September 18, 2014


City News Service


A downtown Los Angeles-based business chamber said last week, its members want Mayor Eric Garcetti to tweak his proposal for raising the minimum wage to $13.25 an hour by 2017. The Central City Asso­ciation issued a statement suggesting the mayor’s proposed $4.25 increase from $9 be spread out over four years — instead of three years — for companies with more than 500 employees. Smaller companies and nonprofits should be allowed to phase-in the increase over seven years, the group said.


The group also suggested a separate, lower wage be set for teenage workers. The association said it “appreciates Mayor Eric Garcetti’s focus on raising Los Angeles residents out of poverty, but we are concerned about possible negative consequences for existing jobs, job creation and business retention unless there are significant changes to his proposal for a citywide minimum wage.” The group added that “any minimum wage proposal must be coupled with initiatives to attract, retain and grow businesses that create good paying jobs for Los Angeles.”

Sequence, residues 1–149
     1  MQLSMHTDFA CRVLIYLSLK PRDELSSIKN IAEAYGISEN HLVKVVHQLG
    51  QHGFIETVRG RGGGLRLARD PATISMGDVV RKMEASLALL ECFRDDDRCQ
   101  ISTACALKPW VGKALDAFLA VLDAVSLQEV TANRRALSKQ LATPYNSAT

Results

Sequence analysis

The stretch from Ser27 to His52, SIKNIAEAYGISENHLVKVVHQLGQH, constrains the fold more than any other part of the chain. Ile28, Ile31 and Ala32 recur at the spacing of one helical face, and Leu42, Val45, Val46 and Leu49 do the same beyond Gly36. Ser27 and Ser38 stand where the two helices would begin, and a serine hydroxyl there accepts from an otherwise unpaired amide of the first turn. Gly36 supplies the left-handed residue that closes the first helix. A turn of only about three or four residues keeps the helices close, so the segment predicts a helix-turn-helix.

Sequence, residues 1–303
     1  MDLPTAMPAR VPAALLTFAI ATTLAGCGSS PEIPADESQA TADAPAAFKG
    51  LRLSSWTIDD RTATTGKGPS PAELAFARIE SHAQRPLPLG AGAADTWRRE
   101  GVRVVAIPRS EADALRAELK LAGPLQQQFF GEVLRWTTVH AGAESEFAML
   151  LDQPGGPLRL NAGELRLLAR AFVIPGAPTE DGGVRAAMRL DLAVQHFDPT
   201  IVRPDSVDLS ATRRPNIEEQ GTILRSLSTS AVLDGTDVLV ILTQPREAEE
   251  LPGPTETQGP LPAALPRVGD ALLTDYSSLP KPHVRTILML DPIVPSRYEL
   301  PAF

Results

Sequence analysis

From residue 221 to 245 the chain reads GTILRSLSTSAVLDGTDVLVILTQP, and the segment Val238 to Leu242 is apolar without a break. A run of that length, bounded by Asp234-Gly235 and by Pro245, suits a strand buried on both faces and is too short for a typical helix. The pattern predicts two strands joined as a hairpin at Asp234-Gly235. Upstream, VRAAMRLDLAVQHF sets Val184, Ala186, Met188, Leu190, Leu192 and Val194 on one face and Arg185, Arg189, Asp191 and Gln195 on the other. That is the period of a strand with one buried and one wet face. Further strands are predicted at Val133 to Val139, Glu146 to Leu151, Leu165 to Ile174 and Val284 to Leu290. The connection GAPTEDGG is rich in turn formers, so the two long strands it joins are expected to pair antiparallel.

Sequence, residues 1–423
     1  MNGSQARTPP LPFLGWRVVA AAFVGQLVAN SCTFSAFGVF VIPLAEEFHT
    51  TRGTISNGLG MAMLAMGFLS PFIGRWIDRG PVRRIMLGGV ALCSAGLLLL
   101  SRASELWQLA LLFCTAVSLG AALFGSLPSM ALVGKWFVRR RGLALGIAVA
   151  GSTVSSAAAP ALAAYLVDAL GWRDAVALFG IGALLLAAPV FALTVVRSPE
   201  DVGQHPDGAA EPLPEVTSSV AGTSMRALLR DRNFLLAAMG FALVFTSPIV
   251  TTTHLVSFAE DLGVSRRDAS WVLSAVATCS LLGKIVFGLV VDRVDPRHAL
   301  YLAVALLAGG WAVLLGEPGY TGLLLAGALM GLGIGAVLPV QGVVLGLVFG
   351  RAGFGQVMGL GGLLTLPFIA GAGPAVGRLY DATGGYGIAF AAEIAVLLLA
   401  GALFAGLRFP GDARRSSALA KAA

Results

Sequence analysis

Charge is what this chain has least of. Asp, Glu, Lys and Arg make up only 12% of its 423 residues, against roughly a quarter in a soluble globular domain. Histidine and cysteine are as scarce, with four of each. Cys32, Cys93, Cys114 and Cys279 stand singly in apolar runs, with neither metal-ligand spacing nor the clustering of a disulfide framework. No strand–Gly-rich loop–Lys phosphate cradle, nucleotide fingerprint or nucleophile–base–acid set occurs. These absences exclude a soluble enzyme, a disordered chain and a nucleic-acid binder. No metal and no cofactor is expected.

The group said the mayor should do away with the city’s business tax, “without imposing unreasonable additional taxes on businesses.” The changes are necessary “so that businesses can cope with this unprecedented mandate and smaller businesses in particular can prevent widespread layoffs,” the statement said.


The group also called on the City Council to drop a proposal to raise hourly wages for some hotel workers to $15.37.

Category: Business